Vyacheslav Volodin

Vyacheslav Volodin, center, is flanked by Prime Minister Dmitri Medvedev (to his left) and Security Council Secretary Nikolai Patrushev, (to his right).

Vyacheslav Volodin
and the Future of the Russian Presidency

Vyacheslav Viktorovich Volodin has been a stalwart member of the United Russia party since its inception in 2001, and is frequently credited as the principal architect of the regime’s “conservative turn” following Putin’s return to the presidency in 2012. Volodin also led the ostensibly democratic electoral reforms that helped appease those who protested the 2011 Duma elections. These reforms were also instrumental in paving the way for United Russia’s overwhelming victory in the parliamentary elections of 2016.

The composition of the Russian State Duma changed considerably with the 2016 elections. Volodin is largely credited with implementing ostensibly democratic reforms that, in the end, worked largely in the favor of the ruling United Russia political party (shown in blue). Graphics from Wikipedia.

Volodin was nominated by Putin for the Duma Chairmanship and confirmed in October, 2016. Some viewed this as a demotion. The new position moved Volodin outside of Putin’s immediate circle and Volodin had publically stated that he did not want the position before he was placed there. However, others consider it a reasonable application of Volodin’s organizational talents. They also point out that brushing away pretenses of wanting power before firmly taking the reins is a political image Putin himself has built. It may even be a way of increasing Volodin’s presence in the public eye before the 2018 presidential election, should Putin decide to step aside and nominate Volodin as a successor.

Family, Education, and Early Political Career

Volodin was born in the village of Alekseevka outside of Saratov on February 2, 1964. From a highly devout Orthodox family, his grandparents were persecuted and most likely shot by the Soviets in the late 1930s for “spreading religious propaganda.” His mother was a primary school teacher, while his father captained a river fleet.

Volodin began working as a machinist on a farm in village of Belogornoe, near Saratov in southern Russia at age 15. He went on to study mechanical engineering at the Saratov Institute for the Mechanization of Agriculture, graduating in 1986. While in school, he chaired the student union committee and joined the Communist Party. In 1990, Volodin was elected to the Saratov City Council in the region’s first open elections. He would go on to serve as the Deputy to the Head of the City Administration in 1992, and as the Deputy Chairman of the Saratov Regional Duma in 1994. During this period, Volodin worked towards a PhD in Law, which he received from St. Petersburg State University. Afterwards, he was appointed Vice-Governor of the Saratov Province.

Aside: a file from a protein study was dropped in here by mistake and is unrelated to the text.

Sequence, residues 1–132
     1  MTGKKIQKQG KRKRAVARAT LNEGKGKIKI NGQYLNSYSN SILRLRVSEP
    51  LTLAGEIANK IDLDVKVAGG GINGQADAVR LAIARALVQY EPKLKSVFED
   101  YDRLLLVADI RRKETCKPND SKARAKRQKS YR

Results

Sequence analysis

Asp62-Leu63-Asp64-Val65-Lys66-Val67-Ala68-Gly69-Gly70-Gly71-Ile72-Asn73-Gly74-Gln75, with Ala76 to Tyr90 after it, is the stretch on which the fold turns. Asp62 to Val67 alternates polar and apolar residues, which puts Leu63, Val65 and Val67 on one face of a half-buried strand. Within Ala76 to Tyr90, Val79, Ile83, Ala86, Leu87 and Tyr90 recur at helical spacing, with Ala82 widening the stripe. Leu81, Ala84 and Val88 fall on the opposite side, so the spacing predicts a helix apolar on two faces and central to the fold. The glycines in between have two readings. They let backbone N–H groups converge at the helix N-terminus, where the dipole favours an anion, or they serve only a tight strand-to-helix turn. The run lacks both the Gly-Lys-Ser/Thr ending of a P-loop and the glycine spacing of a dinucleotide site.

On the National Stage, 1999-2011

Volodin moved to Moscow in 1999 to become the Deputy Head of Elections for the Fatherland Party, a major centrist/patriotic party formed for the 1999 election cycle. By the end of the year, he was elected a State Duma Deputy with the Fatherland-All Russia coalition. In 2001, Volodin was appointed the head of Fatherland-All Russia and soon lead it to a merger with the Putin-supported Unity party to form United Russia, which quickly became Russia’s ruling party. In 2003, he was appointed the first deputy head of United Russia while maintaining his position as a Duma representative.

Vyacheslav Volodin, in a less-formal interview with the logo of United Russia, a political party he helped found, behind him. United Russia is Russia’s ruling party.

In 2005, protests erupted in response to the monetarization of several Soviet-era benefits. As part of a response to this, top-party personnel at United Russia were reshuffled and Volodin became Secretary of the General Council Presidium. This position directs the party’s formal policy positions, approves the candidacy of party members seeking election, and oversees the appointment of non-elected positions. At the time, these included both regional governors and members of the Federation Council. Volodin held this position until 2011, largely directing staffing policy based on a candidate’s loyalty to the party and to him personally. He also increased his exposure to the Russian public, frequently articulating policy positions for United Russia and engaging in debates with the opposition. Towards the end of 2010, Volodin was elevated to Deputy Prime Minister and remained presidium secretary until the next year.

Volodin’s Reforms and the 2016 Parliamentary Elections

Allegations of fraud during the 2011 Duma elections brought tens of thousands to the streets demanding new elections. These became known as the Bolotnaya Protests, after the square where the first major protest was held. Vladislav Surkov, the First Deputy Chief of Staff to the Presidential Executive (and the man responsible for promoting Volodin to the post of Secretary of the General Council Presidium) came to shoulder the blame for the government’s lack of preparedness in the face of increasing public opposition. In his place, Volodin was tasked with restructuring the electoral process for the nominal purpose of ensuring fairer elections and providing a basis for broader representation in government.

Volodin began dismantling some of Surkov’s reforms, including a 2005 law that saw all of the Duma’s representatives elected through party lists. In short, this method saw voters selecting their preferred parties, and the parties themselves choosing the representation. In addition, he increased the bureaucratic hurdles for registering parties. Critics argued this ensured the disproportionate success of United Russia by ensuring weak opponents. Although United Russia fared well in the following elections, the reforms were heavily criticized as manipulation.